Lunch hour concludes at Guantanamo and at Fort Meade. Thus we come to AE248H, the prosecution’s motion to reconsider Judge Spath’s prior ruling, that granted a defense motion and excluded certain evidence of Al-Nashiri’s “wanton disregard for human life,” so far as concerns the charge of terrorism against the accused.
In short, the government desires to show that foreign nationals located in and around the Cole, at the time of the attack, were harmed—rather than military personnel who were on the boat, but who are not, under the circumstances, deemed protected persons under international law. Such evidence would demonstrate the “wanton disregard” alleged by the government, but Judge Spath had excluded it incorrectly, in the view of the Chief Prosecutor, Brig. Gen. Mark Martins. The court’s ruling only permitted proof regarding foreign nationals on the Cole only, but blocked proof as to other persons near the explosion—despite the government’s apparent plan to prove “wanton disregard,” by submitting evidence regarding affected non-victims who were in the surrounding area.
Thus Martins specifically asks for paragraph five of Judge Spath’s earlier order (248B) to be reworded. This “unjustifiably” operates to exclude relevant, probative evidence regarding the Cole—and the fact that the vessel’s bombing counted as a terrorist attack. The point is this, in Martins’ view: Judge Spath’s error arose from confusion. The defense, and later the court, relied on materials concerning the charge of perfidy, not the charge of terrorism, as Martins makes clear through citation of transcript and motion papers. Only the latter charge includes the “wanton disregard” element. The Chief Prosecutor thinks this mistake in turn led Judge Spath to grant the defense filing, and improperly to shrink the universe of evidence that prosecutors might use to prove “wanton disregard.” But he now asks Judge Spath to reconsider, especially given the charge sheet’s extensive and detailed allegations of operations taking place in and around the Gulf of Aden, where the Cole was attacked. In this regard the Chief Prosecutor also cautions that, if allowed to stand, Spath’s ruling might cut out highly probative testimony: take the testimony of one Yemeni witness, who observed events from a refueling dolphin adjacent to the Cole. (The latter wasn’t “on board” the Cole, and thus his comments would not be permissible under Judge Spath’s order.) Or that of many other Yemenis, whose names and locations are displayed on a chart that Martins displays. For these reasons, the Chief Prosecutor asks the court to strike the offending language in the relevant paragraph, or to clarify his ruling so as to permit the admission of needed proof.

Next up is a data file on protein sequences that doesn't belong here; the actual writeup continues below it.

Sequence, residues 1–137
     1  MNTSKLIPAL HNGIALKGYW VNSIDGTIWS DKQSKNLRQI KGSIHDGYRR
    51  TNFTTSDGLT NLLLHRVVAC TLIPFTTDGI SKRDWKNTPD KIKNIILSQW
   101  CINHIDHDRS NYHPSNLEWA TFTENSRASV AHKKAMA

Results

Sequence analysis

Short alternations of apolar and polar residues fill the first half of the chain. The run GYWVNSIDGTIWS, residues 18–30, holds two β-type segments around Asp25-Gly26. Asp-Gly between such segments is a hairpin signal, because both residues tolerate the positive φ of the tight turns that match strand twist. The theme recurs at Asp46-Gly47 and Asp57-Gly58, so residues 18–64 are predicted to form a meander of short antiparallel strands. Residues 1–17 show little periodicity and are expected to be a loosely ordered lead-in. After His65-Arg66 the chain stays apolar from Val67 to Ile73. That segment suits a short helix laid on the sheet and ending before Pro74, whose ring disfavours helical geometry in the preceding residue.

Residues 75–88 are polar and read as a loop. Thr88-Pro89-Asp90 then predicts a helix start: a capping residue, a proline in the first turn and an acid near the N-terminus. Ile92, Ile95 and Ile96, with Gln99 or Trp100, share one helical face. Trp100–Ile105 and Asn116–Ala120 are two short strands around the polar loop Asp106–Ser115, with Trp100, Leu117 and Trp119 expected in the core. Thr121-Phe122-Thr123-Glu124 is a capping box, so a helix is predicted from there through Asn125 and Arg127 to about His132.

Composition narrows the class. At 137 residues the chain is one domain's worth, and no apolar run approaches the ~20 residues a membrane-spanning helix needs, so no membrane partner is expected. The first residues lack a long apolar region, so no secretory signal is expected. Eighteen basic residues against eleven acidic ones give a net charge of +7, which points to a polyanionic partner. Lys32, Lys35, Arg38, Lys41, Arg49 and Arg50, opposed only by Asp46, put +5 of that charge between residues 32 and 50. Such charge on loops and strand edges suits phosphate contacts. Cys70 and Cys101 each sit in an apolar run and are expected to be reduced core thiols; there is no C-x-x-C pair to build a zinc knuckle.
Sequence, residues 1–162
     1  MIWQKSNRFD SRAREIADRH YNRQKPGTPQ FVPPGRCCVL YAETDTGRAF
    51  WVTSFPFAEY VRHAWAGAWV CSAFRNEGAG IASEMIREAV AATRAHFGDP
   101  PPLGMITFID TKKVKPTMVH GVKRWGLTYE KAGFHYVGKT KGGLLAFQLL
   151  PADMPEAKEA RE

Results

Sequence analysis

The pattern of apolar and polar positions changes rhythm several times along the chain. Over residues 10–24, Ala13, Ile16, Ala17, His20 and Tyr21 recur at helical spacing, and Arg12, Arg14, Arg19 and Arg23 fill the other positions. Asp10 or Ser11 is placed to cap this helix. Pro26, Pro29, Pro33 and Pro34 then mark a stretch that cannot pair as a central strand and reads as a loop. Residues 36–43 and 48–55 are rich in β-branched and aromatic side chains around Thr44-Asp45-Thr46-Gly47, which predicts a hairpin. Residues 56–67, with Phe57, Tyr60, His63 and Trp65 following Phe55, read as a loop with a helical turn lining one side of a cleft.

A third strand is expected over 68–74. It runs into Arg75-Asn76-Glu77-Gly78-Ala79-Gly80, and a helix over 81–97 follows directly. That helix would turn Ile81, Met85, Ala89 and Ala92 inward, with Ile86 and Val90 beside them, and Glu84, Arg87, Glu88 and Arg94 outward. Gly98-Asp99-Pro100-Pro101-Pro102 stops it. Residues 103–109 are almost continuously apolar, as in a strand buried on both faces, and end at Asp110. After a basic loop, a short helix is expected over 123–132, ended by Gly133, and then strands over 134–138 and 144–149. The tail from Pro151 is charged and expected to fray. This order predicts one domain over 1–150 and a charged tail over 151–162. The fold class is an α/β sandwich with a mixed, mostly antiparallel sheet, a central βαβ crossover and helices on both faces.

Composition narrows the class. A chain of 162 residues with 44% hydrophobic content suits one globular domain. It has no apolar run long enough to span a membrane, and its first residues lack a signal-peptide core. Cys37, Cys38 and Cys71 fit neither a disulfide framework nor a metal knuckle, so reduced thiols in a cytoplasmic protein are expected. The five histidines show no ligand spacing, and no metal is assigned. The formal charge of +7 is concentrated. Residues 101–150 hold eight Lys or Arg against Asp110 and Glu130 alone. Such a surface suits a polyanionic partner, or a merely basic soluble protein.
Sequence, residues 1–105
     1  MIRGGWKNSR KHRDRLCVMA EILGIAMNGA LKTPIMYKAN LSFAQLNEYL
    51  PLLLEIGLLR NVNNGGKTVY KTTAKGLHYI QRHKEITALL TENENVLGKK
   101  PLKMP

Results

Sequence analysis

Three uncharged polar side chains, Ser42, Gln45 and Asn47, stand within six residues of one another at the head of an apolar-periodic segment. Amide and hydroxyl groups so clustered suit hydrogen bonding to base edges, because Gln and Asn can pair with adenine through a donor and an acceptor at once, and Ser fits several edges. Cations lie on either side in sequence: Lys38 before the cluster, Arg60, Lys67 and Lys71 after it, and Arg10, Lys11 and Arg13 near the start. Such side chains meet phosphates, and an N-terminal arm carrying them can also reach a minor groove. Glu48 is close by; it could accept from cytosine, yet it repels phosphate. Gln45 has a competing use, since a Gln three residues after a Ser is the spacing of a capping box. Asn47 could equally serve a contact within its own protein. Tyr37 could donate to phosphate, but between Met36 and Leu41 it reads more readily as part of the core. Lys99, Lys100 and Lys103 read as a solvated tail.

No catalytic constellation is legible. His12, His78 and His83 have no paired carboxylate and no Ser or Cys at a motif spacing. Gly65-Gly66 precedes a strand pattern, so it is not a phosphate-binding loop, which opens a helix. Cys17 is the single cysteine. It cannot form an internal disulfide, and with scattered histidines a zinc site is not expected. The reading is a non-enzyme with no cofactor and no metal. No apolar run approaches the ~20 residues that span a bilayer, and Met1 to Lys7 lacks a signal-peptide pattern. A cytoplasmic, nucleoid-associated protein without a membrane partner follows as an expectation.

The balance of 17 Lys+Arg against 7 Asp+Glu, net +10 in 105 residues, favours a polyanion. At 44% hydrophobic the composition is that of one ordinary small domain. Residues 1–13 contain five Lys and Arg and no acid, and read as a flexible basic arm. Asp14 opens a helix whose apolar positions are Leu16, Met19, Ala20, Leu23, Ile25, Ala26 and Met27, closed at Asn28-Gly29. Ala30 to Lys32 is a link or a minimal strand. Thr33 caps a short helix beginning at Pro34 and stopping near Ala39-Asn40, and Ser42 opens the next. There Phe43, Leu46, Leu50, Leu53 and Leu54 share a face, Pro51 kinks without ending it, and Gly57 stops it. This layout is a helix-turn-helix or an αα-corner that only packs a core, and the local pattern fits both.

Maj. Tom Hurley speaks now for the accused. There was a ruling by the commission he says; and a motion to reconsider, argued extensively by Gen. Martins; Hurley seems to be complaining about the lack of any new facts or law. And one or both are required in order to grant a reconsideration motion. The prior ruling was instead “clearly supported based on the evidence and the law,” in the defense lawyer’s view. He asks Judge Spath to deny the prosecution request—adding that Martins and company appear to seek an impermissible advisory opinion in advance of trial. (As an aside, Hurley observes that the prosecution surely will take an interlocutory appeal, upon a denial of the motion—and thereby delay matters.) He adds a few words more—Hurley appeals to the court’s experience and wisdom, for example, in urging the motion’s rejection—and returns to counsel table.
Martins in rebuttal: You have the authority to reconsider, just as we’ve suggested, under military commission rules. Clear errors of law, for example, can and should compel reconsideration. And there’s no request for an advisory opinion here, either: Instead, the prosecution seeks clarity about what is and what is not out of bounds. He concludes.
This brings our docket—and our coverage—to an end. Court and counsel touch on a few housekeeping and scheduling matters before the proceedings wind down. See y’all in April.